"Stop what you're doin'/ 'Cause I'm about to ruin/ The image and the
style that you're used to." That's not how Edith Frost's Telescopic
kicks off; it's the first line from the Digital Underground's "Humpty Dance."
But wouldn't it be something to hear Frost get dirty on the mike?
Nah, instead of a Fear of a Black Planet for
1998, Frost has come down from her Chicago-y heaven to provide the world
with a collection of sparkling pop trax and sentimental ballads. The rockin'
opener, "Walk On The Fire," is a subtly bluesy-- and extremely catchy-- chunk
of indie pop. With its backwards guitar parts, amplified violins, lo-fi drumset
and irresistible melody, the song sounds like the demon child of Liz Phair and
the Olivia Tremor Control. And that's just one of the 12 incredibly diverse
tracks Telescopic has to offer.
But Frost veers off in multiple directions on this outing, her songs drawing
comparisons to people like Patsy Cline ("The Very Earth"), fellow Chicagoans the
Handsome Family ("Light," "You Belong To No One"), and early Neil Young ("Bluish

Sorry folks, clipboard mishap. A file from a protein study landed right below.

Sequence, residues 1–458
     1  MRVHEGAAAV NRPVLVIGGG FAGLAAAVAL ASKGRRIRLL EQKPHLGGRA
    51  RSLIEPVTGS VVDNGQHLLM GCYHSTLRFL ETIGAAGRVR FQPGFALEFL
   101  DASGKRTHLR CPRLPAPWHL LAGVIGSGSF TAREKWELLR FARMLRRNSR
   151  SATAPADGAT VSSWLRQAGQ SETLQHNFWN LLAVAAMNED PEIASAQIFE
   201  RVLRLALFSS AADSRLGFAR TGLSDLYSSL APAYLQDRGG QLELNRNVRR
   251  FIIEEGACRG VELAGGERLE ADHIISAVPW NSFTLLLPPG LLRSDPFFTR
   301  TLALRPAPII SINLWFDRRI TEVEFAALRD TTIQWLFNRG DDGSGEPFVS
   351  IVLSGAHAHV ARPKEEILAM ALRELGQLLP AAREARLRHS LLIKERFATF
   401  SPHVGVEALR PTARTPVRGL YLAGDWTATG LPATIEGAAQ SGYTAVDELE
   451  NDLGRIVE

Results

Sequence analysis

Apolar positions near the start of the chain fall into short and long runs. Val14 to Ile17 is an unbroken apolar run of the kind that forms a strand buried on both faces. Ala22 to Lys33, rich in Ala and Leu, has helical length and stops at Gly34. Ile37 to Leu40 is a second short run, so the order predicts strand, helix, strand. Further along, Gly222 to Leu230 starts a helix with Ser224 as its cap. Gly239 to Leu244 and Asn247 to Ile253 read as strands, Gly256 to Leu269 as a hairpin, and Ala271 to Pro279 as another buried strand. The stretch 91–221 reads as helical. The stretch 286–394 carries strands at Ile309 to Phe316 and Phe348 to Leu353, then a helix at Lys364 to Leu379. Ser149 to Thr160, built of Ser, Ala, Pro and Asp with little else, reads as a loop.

Bells"). And looking at the "What's On My Stereo" section of Edith's website,
it all becomes clear-- her taste in music ranges from the dark experimentalism
of Godspeed You Black Emperor and Laurie Anderson to self- loathing folk stuff
like Elliott Smith and Lisa Germano.
Yeah, you're probably going to read some reviews that lump Edith Frost in with
modern folkies like Mary Lou Lord, Chan Marshall of Cat Power, Barbara
Manning, Smog's Bill Callahan, and the Silver Jews' D.C. Berman-- an insight
that's not entirely inaccurate. But Telescopic demonstrates Frost's
unique ability to add incredible depth to simple song structures. Take the
sorrowful ballad "Tender Kiss" for example-- all she really needed was an
acoustic guitar and vocal part to nicely execute the track. Instead, she
brought in a somewhat complicated Casio keyboard tango drum patch, a
subtle vocal harmony, a flute of some kind, and a mourning violin. Sound
overblown? Remarkably, the song remains sparse- sounding and beautiful.
So, even if we didn't get the rap masterpiece we've been hoping for this
year (let's face it-- that Pras record was just plain bad), we did get
another great slice of well- produced contemporary folk-pop from Edith
Frost and the folks down at Drag City Records. Predictable.
"Walk On The Fire"
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